|Daron Acemoglu||MIT||Agree||1||Bio/Vote History|
|Alberto Alesina||Harvard||Did not answer||Bio/Vote History|
|Joseph Altonji||Yale||Agree||8||Bio/Vote History|
|Alan Auerbach||Berkeley||Agree||7||Bio/Vote History|
|David Autor||MIT||Strongly Agree||8||
No question that this is effective. Whether it's Pareto improving is open to debate.
|Katherine Baicker||Harvard||Agree||4||Bio/Vote History|
|Marianne Bertrand||Chicago||Agree||5||Bio/Vote History|
|Raj Chetty||Harvard||Strongly Agree||10||Bio/Vote History|
Of course, as stated, if the SOLE goal were increasing saving, then even the opt-outs are contrary to the goal.
|Janet Currie||Princeton||Agree||8||Bio/Vote History|
|David Cutler||Harvard||Strongly Agree||8||Bio/Vote History|
|Angus Deaton||Princeton||Strongly Agree||8||Bio/Vote History|
|Darrell Duffie||Stanford||Strongly Agree||1||
The effort to opt out raises participation. Is that good? Thats a separate issue.
|Aaron Edlin||Berkeley||Strongly Agree||8||Bio/Vote History|
|Barry Eichengreen||Berkeley||Agree||5||Bio/Vote History|
|Ray Fair||Yale||Agree||5||Bio/Vote History|
|Pinelopi Goldberg||Yale||Agree||6||Bio/Vote History|
|Claudia Goldin||Harvard||Agree||3||Bio/Vote History|
for lots of ppl, the evidence backs this one up well
Strong evidence that true inside firm savings plan. Less clear abt overall savings. Danish evidence is impt
An age-contingent default might be even better.
|Bengt Holmström||MIT||Strongly Agree||7||Bio/Vote History|
|Caroline Hoxby||Stanford||Strongly Agree||10||
The research is quite unambiguous on this point. I have not seen any contrary findings (although savvy savers are unaffected by defaults).
This might be effective in the short run but I have doubts about the long run
|Anil Kashyap||Chicago||Strongly Agree||7||Bio/Vote History|
|Pete Klenow||Stanford||Strongly Agree||10||Bio/Vote History|
|Jonathan Levin||Stanford||Agree||5||Bio/Vote History|
|Eric Maskin||Harvard||Agree||8||Bio/Vote History|
|William Nordhaus||Yale||Agree||6||Bio/Vote History|
|Maurice Obstfeld||Berkeley||Agree||5||Bio/Vote History|
|Emmanuel Saez||Berkeley||Strongly Agree||9||Bio/Vote History|
|José Scheinkman||Princeton||Agree||6||Bio/Vote History|
|Richard Schmalensee||MIT||Agree||6||Bio/Vote History|
|Hyun Song Shin||Princeton||Agree||7||Bio/Vote History|
|Nancy Stokey||Chicago||Strongly Agree||8||
See Thaler and Sunstein's "Nudge."
|Richard Thaler||Chicago||Strongly Agree||10||
Finally a question which I am qualified to answer.
|Christopher Udry||Yale||Strongly Agree||8||
There is strong evidence that such "nudges" are effective in raising savings. The welfare consequences are less certain.
|Luigi Zingales||Chicago||Did not answer||Bio/Vote History|
This panel explores the extent to which economists agree or disagree on major public policy issues. To assess such beliefs we assembled this panel of expert economists. Statistics teaches that a sample of (say) 40 opinions will be adequate to reflect a broader population if the sample is representative of that population.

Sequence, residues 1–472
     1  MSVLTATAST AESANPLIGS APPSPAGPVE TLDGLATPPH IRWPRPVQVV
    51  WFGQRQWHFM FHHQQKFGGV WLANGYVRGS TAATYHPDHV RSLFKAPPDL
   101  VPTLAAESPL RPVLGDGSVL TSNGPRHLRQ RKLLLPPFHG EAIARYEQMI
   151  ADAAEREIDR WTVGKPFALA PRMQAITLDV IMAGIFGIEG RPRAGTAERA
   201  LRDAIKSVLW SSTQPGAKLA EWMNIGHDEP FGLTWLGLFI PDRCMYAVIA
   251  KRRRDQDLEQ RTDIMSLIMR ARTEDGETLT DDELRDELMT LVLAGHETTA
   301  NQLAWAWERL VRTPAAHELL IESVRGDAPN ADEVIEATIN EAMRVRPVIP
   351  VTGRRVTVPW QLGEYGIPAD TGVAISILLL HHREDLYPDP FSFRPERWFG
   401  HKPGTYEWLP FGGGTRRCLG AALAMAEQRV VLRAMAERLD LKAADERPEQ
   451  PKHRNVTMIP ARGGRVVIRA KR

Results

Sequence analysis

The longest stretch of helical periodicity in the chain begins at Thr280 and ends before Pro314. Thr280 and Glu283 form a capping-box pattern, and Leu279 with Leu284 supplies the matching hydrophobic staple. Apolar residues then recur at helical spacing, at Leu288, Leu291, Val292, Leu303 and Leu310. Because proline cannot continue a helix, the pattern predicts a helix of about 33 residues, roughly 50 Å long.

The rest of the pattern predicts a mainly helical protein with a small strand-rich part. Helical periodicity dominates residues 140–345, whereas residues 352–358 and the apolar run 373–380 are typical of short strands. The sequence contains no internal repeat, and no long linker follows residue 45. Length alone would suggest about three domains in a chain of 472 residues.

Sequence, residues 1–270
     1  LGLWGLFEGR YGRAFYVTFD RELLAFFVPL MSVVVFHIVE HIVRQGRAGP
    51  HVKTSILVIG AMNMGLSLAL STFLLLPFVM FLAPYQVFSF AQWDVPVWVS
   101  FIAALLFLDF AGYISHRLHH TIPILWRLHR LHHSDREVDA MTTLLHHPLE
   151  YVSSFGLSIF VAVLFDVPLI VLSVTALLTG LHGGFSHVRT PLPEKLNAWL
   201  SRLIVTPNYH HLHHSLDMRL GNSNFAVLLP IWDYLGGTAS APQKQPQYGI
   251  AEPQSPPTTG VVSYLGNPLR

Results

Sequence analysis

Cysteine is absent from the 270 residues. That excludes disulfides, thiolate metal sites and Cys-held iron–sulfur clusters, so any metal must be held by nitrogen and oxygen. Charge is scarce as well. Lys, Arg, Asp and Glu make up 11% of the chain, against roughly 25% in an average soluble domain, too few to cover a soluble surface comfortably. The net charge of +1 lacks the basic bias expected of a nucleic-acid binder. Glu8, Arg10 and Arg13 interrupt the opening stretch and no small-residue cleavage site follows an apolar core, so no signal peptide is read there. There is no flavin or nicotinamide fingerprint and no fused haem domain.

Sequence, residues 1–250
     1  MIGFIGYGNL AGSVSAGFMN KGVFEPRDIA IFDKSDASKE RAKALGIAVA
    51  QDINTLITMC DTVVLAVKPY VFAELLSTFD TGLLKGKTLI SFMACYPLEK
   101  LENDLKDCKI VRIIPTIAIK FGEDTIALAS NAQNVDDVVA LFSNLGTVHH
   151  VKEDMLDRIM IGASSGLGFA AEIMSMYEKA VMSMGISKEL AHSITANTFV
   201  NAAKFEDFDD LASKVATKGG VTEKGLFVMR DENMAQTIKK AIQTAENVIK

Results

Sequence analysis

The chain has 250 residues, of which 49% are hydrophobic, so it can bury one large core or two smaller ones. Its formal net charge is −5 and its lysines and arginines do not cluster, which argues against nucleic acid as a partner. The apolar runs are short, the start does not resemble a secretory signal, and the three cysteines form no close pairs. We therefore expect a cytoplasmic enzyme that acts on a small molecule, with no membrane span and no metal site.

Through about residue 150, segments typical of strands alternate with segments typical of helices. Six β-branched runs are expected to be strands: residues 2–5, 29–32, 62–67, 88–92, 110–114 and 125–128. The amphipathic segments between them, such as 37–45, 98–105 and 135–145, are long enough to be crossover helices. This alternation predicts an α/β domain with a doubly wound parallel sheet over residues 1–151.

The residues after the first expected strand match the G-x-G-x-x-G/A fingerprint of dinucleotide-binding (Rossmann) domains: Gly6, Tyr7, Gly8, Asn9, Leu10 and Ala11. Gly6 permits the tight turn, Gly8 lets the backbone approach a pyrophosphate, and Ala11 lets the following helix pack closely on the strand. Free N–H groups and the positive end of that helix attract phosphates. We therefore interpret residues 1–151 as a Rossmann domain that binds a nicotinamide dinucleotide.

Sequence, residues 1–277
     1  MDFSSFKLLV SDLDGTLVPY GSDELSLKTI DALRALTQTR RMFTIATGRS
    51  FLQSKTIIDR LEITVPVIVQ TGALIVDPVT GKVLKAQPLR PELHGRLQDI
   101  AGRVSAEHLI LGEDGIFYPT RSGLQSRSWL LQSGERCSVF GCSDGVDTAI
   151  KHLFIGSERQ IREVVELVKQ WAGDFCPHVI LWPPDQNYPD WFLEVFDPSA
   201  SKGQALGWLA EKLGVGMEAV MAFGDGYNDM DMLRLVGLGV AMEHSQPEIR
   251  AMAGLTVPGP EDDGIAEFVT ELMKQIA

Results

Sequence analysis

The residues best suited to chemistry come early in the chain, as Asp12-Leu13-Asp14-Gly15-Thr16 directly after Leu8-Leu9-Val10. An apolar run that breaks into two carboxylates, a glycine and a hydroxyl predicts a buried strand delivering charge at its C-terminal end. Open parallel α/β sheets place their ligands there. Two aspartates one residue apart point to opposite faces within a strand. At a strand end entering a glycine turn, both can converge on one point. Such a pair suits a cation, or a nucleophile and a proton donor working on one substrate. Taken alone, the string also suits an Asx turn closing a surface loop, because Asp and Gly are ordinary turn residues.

To that end, our panel was chosen to include distinguished experts with a keen interest in public policy from the major areas of economics, to be geographically diverse, and to include Democrats, Republicans and Independents as well as older and younger scholars. The panel members are all senior faculty at the most elite research universities in the United States. The panel includes Nobel Laureates, John Bates Clark Medalists, fellows of the Econometric society, past Presidents of both the American Economics Association and American Finance Association, past Democratic and Republican members of the President's Council of Economics, and past and current editors of the leading journals in the profession. This selection process has the advantage of not only providing a set of panelists whose names will be familiar to other economists and the media, but also delivers a group with impeccable qualifications to speak on public policy matters.
Finally, it is important to explain one aspect of our voting process. In some instances a panelist may neither agree nor disagree with a statement, and there can be two very different reasons for this. One case occurs when an economist is an expert on a topic and yet sees the evidence on the exact claim at hand as ambiguous. In such cases our panelists vote "uncertain". A second case relates to statements on topics so far removed from the economist's expertise that he or she feels unqualified to vote. In this case, our panelists vote "no opinion".
The Economic Experts Panel questions are emailed individually to the members of the panel, and each responds electronically at his or her convenience. Panelists may consult whatever resources they like before answering.
Members of the public are free to suggest questions (see link below), and the panelists suggest many themselves. Members of the IGM faculty are responsible for deciding the final version of each week’s question. We usually send a draft of the question to the panel in advance, and invite them to point out problems with the wording if they see any. In response, we typically receive a handful of suggested clarifications from individual experts. This process helps us to spot inconsistencies, and to reduce vagueness or problems of interpretation.
The panel data are copyrighted by the Initiative on Global Markets and are being analyzed for an article to appear in a leading peer-reviewed journal.